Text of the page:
By RICHARD SCHROEDER
The museum exhibit, Our Home, is set as a front porch which was a standard feature of homes in the early 1900's - before air conditioning -- when a glass of lemonade and a visit by neighbors was the standard evening for many people. The display contains items commonly found in these homes. Nearly all of the items show durability which was the most valued feature of home and kitchen items. Nothing was simply thrown away when it was broken -- it was repaired. The Hill Hardware in California would always attempt to repair something before offering to sell you a new one. Repair kits were sold for many items.
In the center of this broad exhibit is a miniature home as it might have been in the early 1900's. Grandmother is knitting and telling her granddaughter stories while grandfather sits at the kitchen table reading his Bible while the blackberry pie cools. The sink has a hand pump and waste water was caught in a bucket and could be used to settle the dust or slosh the porch. Braided rugs adorned the floors. The "sad irons" were heated on the wood stove. The new brass bed replaces the old walnut bed now stored in the attic.
The clippers and razors remind us that haircuts were done at home and without electricity. A worn ladies shoe is shown being repaired at home. The exhibit shows an ad for a mouse trap that ladies could manage. Vegetables grown in the home garden and canned was an important chore. Mrs. Tising, from High Point, is shown with her many ribbons from the fair for her canned goods. Some people bottled their homemade root beer and ketchup.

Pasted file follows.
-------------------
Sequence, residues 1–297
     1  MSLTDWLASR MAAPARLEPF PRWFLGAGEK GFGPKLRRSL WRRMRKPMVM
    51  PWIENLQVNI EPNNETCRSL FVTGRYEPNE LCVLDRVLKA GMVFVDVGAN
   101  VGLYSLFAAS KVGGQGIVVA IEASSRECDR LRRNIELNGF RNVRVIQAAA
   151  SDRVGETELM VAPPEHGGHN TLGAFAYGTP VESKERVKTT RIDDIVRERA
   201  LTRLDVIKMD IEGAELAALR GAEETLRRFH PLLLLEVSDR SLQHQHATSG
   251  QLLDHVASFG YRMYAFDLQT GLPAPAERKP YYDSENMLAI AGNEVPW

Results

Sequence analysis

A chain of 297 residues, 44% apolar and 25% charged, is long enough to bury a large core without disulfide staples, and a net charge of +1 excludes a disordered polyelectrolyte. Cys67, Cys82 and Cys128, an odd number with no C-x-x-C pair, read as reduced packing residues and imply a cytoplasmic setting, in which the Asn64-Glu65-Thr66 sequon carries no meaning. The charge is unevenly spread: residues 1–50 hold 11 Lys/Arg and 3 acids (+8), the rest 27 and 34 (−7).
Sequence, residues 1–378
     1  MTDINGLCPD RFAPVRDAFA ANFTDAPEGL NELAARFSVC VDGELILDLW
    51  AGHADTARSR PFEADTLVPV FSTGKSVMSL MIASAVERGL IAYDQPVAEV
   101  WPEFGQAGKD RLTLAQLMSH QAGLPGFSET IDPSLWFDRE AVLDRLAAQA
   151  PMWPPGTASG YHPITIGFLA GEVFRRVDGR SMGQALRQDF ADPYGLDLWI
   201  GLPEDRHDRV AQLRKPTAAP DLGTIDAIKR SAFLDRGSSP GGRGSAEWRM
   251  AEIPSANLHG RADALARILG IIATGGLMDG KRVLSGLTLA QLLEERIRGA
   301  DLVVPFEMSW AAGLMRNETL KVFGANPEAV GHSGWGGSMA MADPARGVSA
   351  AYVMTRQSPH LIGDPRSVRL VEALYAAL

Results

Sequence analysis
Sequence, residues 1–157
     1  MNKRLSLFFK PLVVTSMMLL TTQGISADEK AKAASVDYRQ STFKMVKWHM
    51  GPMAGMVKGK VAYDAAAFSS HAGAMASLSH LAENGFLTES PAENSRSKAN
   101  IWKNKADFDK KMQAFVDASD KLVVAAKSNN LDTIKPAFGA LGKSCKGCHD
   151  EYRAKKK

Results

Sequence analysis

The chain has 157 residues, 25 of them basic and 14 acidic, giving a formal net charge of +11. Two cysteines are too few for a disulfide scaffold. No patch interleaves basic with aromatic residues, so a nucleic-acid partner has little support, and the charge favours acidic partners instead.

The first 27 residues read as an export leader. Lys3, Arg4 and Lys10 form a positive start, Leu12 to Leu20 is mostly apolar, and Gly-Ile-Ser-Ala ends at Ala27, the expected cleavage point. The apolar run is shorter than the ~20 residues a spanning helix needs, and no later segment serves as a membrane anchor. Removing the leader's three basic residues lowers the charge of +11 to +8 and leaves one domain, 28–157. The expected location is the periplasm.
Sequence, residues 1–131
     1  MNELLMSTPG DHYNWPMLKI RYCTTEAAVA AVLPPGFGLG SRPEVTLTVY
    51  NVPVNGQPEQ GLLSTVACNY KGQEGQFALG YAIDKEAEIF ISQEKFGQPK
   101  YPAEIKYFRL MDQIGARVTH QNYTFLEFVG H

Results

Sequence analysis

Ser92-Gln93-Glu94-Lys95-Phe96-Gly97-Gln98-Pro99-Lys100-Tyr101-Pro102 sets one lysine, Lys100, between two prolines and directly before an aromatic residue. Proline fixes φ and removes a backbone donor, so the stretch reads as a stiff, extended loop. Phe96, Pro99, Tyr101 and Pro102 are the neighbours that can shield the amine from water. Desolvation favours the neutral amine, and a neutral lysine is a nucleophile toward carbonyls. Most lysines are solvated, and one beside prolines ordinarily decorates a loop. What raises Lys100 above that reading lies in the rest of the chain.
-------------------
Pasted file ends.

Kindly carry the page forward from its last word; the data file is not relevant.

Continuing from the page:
Homemade soap made from wood ashes and lye was used for laundry and bathing. On Saturday nights water was hand pumped from a well or cistern and heated on a wood stove. Bathing was done in the kitchen in winter where the wood cook stove kept the room warm. The youngest, or cleanest, were bathed first and the rest shared the bath water. Water was scarce in dry years and never wasted. Under the display is the chamber pot that was kept under each bed. It was a long, dark trip to the out house at night. A rug beater or a broom kept the rugs clean and clothes were washed on a wash board. There was no electricity for a vacuum sweeper or a washing machine. A coal-oil lamp was the common source of lighting before rural electric service began as one of the New Deal programs of the F.D.R. era in the 1930's.
Near this display is a smaller exhibit that features many kinds of needlework, a treadle sewing machine and a hand cranked wall telephone -- all standard home appliances. In this display is an obituary of a woman who's claim to fame was her talent for sewing and mending.
There are quotations in the displays from the W. W. Miller Farm Journal that describes the daily chores and community life as experienced by a family near McGirk in 1915. This delightful journal is for sale at the genealogy library at the Cultural Heritage Center.